In July, Illinois went to market with a $900 million BAB issue that attracted 93 investors, including 17 from overseas. The international investors accounted for about 30 percent of the offering. Illinois state officials even joined their underwriters, Citigroup, on a road show through Europe and Asia to drum up interest in the sale.Setting up the next bust in Illinois and around the country.
Screwing up the current one. From e21 Morning eBrief:
In Foreclosure Controversy, Problems Run Deeper Than Flawed Paperwork (Round Up)Peggy Noonan on Greece and America's reaction:
Millions of U.S. mortgages have been shuttled around the global financial system - sold and resold by firms - without the documents that traditionally prove who legally owns the loans. Now, as many of these loans have fallen into default and banks have sought to seize homes, judges around the country have increasingly ruled that lenders had no right to foreclose, because they lacked clear title. The court decisions, should they continue to spread, could call into doubt the ownership of mortgages throughout the country, raising urgent challenges for both the real estate market and the wider financial system. The White House has announced that President Obama will pocket veto H.R. 3808 which would have allowed banks to shortcut the current notarization process. See Alphaville for and the Washington Post for more more.Goldman Sachs: The US Economy Is Weaker Than You Think (Seeking Alpha)
Goldman Sachs issued a very bullish note on the Euro this morning. Not because they think Europe is entering a period of robust growth. No, in fact they reduced their estimates for European growth based on the recent Euro strength; however, they see the U.S. economy simply deteriorating more than Europe. The chart in this presentation that jumped out was the ISM’s index compared to the orders & inventories. The orders and inventories data shows a very strong leading indication of future ISM growth. Currently, the orders and inventories data is forecasting ISM readings in the low 40s.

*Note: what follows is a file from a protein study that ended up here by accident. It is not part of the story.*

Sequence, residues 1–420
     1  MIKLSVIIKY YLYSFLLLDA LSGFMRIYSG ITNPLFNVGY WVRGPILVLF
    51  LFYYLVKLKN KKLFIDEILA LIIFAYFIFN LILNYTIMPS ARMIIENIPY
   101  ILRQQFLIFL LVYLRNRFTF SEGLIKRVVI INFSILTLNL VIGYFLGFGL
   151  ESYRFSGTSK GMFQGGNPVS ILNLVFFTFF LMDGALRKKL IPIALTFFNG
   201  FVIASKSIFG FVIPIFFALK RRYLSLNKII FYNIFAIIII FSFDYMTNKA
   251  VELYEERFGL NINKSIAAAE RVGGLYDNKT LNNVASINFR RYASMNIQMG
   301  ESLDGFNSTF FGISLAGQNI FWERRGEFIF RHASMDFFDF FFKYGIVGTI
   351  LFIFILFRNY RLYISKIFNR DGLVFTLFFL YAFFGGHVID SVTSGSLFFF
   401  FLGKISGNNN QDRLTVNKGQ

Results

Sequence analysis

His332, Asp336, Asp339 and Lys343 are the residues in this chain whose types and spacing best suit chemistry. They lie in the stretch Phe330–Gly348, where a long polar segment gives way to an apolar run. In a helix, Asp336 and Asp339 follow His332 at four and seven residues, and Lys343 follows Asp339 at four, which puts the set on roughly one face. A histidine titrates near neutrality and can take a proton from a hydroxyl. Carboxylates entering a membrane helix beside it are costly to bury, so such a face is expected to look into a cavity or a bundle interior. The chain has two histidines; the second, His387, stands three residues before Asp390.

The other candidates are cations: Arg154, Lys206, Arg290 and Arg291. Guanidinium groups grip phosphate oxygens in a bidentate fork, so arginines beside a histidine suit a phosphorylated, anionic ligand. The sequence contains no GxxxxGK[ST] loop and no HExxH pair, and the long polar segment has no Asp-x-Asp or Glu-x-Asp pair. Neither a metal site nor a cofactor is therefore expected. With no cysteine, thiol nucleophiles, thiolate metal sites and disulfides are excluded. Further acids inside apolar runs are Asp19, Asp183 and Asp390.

Mr. Lewis: "The Greek state was not just corrupt but also corrupting. Once you saw how it worked you could understand a phenomenon which otherwise made no sense at all: the difficulty Greek people have saying a kind word about one another. . . . Everyone is pretty sure everyone is cheating on his taxes, or bribing politicians, or taking bribes, or lying about the value of his real estate. And this total absence of faith in one another is self-reinforcing. The epidemic of lying and cheating and stealing makes any sort of civic life impossible."
Thus can great nations, great cultures, disintegrate, break into little pieces that no longer cohere into a whole.
Read it all.
This election is so damned important.
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